Wednesday, October 07, 2015

Finding Community - Part 2 - Your Own Neighborhood

If you are moving to a new neighborhood, you may be wondering how to tell whether your neighborhood is likely to have community or rather if it will just be a place to sleep. If you already live in a neighborhood and are not planning to move, you may be wondering how to create more of a community feel.

What to look for

1.    Walking areas. This could be a sidewalk, walking trails, or even a Greenway hiking or bike trail nearby. The important things to note about these walking areas are whether or not they are used. If you are there on a nice sunny day on a weekend or early evening and you don’t see anyone I would not count that as a walking area.
2.    Green space. This could be a neighborhood park or pool, or simply an open grassy area in between houses. It could be a common area of a larger community or simply large lots. Neighbors need places to get together, either as adults or for their children.
3.    Safe streets. If you are on a busy street with bad traffic, you are much less likely to cross the street to say hello to a neighbor. This automatically reduces your opportunity for community.
4.    Talk to a neighbor. If possible, talk to a neighbor during your house hunt. You aren’t just buying a house, you are also buying your neighbors for as long as they choose to live there. They most likely won’t steer you incorrectly, because they know they will have to live next to you too. You don’t have to like them personally but you can ask about how many kids are in the neighborhood, whether people use the common areas, and what the local schools are like, if that is important to you.
5.    Consider the commute. If you are living in an area where the commute time is more than 45 minutes to the nearest large employer, you are much less likely to find people at home to build community with. Consider your commute to your own employer as well. I love the fact that my husband can now come home for lunch at least 4 days a week and we can eat together as a family. It makes a huge difference in my stress level over the day.
6.    Distance to neighbors. I know many people like townhouses or apartments, but honestly, I am not going out of my way to talk to someone who may seem incredibly noisy and keep me up at night through no fault of their own except the thin walls or floors of the apartment. On the opposite end of the spectrum, if your closest neighbor is a half mile away down a busy highway and up their dirt driveway, you may not be visiting them as often as you think.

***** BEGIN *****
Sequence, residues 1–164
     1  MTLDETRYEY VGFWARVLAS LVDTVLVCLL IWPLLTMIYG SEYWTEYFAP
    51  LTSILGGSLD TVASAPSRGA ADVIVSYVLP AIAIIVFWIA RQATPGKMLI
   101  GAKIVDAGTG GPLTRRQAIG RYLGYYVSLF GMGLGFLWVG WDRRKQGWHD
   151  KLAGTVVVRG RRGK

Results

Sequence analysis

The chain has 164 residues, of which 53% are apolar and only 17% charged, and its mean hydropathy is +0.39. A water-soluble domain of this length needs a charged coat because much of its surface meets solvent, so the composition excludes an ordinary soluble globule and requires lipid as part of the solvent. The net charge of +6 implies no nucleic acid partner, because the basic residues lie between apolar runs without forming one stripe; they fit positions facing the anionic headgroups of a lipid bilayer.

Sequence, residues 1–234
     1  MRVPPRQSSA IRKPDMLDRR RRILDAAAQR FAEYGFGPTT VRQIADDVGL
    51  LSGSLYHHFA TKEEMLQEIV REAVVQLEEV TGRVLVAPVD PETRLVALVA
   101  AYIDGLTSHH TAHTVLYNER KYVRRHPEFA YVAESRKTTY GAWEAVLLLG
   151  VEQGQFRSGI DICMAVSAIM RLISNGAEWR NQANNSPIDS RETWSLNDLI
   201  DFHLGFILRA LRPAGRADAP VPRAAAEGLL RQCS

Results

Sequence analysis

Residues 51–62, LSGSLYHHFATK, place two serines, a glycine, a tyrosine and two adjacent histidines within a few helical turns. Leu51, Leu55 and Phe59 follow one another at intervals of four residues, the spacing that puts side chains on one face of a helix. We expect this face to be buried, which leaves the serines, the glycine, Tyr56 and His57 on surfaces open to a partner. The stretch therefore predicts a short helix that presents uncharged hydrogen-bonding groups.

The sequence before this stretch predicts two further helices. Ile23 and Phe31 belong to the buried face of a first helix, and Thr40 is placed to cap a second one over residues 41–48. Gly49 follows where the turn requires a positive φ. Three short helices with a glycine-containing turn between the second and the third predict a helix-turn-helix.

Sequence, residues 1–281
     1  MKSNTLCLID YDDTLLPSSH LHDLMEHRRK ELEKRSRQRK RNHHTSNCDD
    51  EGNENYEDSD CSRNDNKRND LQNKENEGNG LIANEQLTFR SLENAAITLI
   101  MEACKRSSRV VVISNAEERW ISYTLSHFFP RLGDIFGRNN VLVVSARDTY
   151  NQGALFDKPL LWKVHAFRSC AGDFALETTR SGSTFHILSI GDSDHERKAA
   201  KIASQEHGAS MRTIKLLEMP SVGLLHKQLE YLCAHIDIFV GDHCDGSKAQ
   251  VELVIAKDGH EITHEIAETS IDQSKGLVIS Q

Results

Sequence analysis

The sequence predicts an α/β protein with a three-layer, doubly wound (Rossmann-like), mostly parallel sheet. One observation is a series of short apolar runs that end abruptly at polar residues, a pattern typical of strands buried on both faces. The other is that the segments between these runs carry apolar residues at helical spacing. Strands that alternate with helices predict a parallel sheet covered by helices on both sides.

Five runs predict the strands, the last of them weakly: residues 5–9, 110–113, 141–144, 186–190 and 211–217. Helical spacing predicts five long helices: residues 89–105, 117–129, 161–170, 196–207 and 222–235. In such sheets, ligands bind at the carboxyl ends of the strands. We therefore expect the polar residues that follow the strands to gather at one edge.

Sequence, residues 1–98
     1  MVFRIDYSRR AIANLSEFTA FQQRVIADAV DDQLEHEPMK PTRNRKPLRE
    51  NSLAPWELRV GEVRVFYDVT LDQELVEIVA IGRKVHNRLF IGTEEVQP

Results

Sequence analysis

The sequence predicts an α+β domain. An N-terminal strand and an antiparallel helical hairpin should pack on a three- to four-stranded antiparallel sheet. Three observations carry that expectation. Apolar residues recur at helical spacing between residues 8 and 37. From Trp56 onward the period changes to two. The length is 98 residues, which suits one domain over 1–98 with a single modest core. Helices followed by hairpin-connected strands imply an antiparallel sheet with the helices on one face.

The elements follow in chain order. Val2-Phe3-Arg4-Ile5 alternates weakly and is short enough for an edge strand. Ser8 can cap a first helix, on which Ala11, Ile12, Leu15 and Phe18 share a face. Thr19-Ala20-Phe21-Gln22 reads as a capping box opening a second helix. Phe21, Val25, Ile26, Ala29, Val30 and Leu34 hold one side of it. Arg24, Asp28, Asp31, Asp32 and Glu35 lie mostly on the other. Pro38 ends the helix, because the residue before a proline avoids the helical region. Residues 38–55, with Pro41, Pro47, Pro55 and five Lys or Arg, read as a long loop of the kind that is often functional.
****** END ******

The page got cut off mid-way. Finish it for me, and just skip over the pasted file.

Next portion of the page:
What to change
1.    Meet your neighbors. If you see someone outside, don’t freak out, just wave at first. If it’s nice weather, cross the street to introduce yourself. If you already know their name ask about their kids or grandkids. If you already know that, ask how their week has been and really listen to their answer.
2.    Be outdoors. Take a walk in your neighborhood, even if you don’t have sidewalks (just keep safety in mind). Say hello to anyone you meet and stop and talk longer if they are interested. If you don’t see anyone, consider praying for your neighbors that they would find the community they are likely looking for as well.
3.    Invite someone over. Once you get to know someone fairly well, consider inviting them over for dinner. If they say they aren’t available, try again another day, or invite someone else.
4.    Host an open house. One of my favorite memories growing up was going to the Christmas Eve Open House at one of our friends in Charlotte. I never asked, but my best guess is that 200+ people would be coming in and out of their house that day. They had about a 1200 square foot house and 7 kids. It was an amazing thing to watch and experience.
5.    Host a cookout or outdoor event. Nothing brings people together like food and fun. Rent a bounce house, bring out the croquet set or Frisbees and have some fun with your neighbors.

The important thing, whether you are in a new neighborhood or trying to build relationships in your current neighborhood, is to build true relationships. You can know a lot of people but you also need to really get to know them. When they call you for advice, give them wise advice. When they ask if you will help them while they are out of town, say yes. When they need someone to listen, be that person. You will find that some of them will be there for you in return when you need them. Don’t be afraid to ask for help when you need it.


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